- The Washington Times - Saturday, August 18, 2001

Nobles: The heroes of VJ Day. On Aug. 15, 1945, the nation celebrated victory over the Empire of Japan with parades, salutes and, most famously, a big kiss between a sailor and his sweetheart in the middle of Times Square.

Rarely has such a kiss been so-well earned. Since the Day of Infamy (Dec. 7, 1941), American soldiers, sailors and airmen had battled an implacable foe back across the Pacific. They endured the grim jungles of Guadalcanal and the shocking attacks of the Kamikazes. They won a miracle at Midway and enjoyed a turkey shoot in the Marianas. They dared the typhoon of steel on Okinawa and raised an everlasting reminder of uncommon valor on Iwo Jima.

So many of them didn't return home to enjoy their triumph the awakened sailors of the battleship Arizona, the sailors lost in Ironbottom Sound, and the submariners who sunk silently to their fate. The 77th Division lost Ernie Pyle on Ie Shima, and the Navy lost the five Sullivan brothers aboard the Juneau.

Many of them were preparing for what would certainly have been the United States' most costly invasion when Col. Paul Tibbets opened the age of atomic warfare with the bomb-bay doors of the Enola Gay.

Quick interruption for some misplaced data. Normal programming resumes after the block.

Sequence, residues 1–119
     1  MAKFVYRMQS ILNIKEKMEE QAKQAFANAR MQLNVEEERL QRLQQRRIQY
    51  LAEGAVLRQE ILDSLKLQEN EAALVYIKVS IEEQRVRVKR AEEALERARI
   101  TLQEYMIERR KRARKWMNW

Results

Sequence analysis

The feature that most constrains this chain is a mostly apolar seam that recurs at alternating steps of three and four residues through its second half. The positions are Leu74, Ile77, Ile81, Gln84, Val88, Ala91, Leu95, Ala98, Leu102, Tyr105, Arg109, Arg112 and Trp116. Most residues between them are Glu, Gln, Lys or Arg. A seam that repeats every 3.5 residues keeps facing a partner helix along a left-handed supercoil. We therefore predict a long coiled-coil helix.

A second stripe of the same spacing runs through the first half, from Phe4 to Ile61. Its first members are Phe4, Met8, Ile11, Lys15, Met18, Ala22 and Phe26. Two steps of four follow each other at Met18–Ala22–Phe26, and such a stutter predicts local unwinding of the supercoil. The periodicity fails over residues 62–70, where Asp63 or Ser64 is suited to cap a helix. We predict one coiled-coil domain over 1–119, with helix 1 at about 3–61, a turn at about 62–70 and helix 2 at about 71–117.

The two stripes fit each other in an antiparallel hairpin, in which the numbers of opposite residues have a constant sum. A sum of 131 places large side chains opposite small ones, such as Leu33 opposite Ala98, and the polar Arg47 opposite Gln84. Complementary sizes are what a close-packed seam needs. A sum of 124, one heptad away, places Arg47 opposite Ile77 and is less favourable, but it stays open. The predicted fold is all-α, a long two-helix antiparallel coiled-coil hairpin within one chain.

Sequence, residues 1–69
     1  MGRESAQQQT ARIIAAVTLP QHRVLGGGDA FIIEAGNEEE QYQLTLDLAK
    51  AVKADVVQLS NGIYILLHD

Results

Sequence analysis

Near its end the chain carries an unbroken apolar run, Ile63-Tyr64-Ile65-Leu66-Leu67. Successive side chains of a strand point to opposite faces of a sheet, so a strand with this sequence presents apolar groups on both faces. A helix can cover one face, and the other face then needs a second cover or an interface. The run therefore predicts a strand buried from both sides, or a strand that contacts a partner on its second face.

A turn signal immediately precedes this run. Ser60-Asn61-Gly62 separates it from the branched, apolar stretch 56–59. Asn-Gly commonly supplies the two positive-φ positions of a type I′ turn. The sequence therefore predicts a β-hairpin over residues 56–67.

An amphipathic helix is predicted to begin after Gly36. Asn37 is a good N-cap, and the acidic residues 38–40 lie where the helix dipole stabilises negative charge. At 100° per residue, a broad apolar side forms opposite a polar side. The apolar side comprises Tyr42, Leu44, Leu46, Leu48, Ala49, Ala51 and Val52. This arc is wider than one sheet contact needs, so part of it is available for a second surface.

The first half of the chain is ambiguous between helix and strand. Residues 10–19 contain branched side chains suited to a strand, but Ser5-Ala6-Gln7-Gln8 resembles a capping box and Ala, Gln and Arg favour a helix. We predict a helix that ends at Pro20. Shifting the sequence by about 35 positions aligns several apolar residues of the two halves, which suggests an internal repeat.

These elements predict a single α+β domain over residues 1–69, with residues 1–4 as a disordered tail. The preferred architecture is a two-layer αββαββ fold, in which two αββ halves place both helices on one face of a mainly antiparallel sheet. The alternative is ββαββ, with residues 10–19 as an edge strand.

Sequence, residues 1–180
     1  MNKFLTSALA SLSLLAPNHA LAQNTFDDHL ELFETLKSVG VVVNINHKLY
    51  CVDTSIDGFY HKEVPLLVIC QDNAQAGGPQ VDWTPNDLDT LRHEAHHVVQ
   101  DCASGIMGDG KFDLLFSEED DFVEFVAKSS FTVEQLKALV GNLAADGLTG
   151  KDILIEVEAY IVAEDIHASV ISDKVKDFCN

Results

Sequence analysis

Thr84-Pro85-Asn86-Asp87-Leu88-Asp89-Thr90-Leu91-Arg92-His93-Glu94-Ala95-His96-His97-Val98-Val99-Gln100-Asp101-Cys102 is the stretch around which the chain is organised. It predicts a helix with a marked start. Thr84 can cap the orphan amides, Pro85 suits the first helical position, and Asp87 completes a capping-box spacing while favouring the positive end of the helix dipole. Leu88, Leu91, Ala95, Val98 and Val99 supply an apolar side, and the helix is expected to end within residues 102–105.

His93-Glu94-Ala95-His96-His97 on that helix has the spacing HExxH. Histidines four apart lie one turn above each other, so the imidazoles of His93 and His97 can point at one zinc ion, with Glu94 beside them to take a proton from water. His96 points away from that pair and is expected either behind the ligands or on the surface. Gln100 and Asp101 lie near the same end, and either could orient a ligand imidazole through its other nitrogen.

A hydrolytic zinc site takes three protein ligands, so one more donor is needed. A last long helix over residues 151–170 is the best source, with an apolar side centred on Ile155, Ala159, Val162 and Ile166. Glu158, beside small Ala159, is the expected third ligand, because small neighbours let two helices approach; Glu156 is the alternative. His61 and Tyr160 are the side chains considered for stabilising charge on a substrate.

The world has gone through explosive changes since then, but their courage and the sacrifices, their heroism and patriotism, should never be forgotten.


Knave: Japanese Prime Minister Junichiro Koizumi.

On Tuesday, citizens and friends of Japan cringed as Mr. Koizumi entered the Shinto Yasukuni shrine, a symbol of Japanese militarism and a resting place for the memories of millions of Japanese who fell during the war and for the remains of 14 Japanese class-A war criminals.

While Japan's soldiers and citizens certainly suffered greatly throughout World War II, it should never be forgotten that their actions, and those of their leaders, were the cause of it. Japan attacked Manchuria in 1931, invaded China in 1937 and bombed Pearl Harbor in 1941. Nor will Japan's cruelties throughout that period be forgotten by the "comfort women" of Korea, or the survivors of the rape of Nanking or the marchers of Bataan.

Japan and its leaders have changed dramatically since then, and no one accuses Mr. Koizumi of sharing the sentiments of the criminals that he honored. However, nations are built largely on the lessons that their leaders have taken to heart and on the memories that they choose to honor.

By visiting the Yasukuni shrine, Mr. Koizumi has set a poor example, even though the actions of all those memorialized there should never be forgotten.


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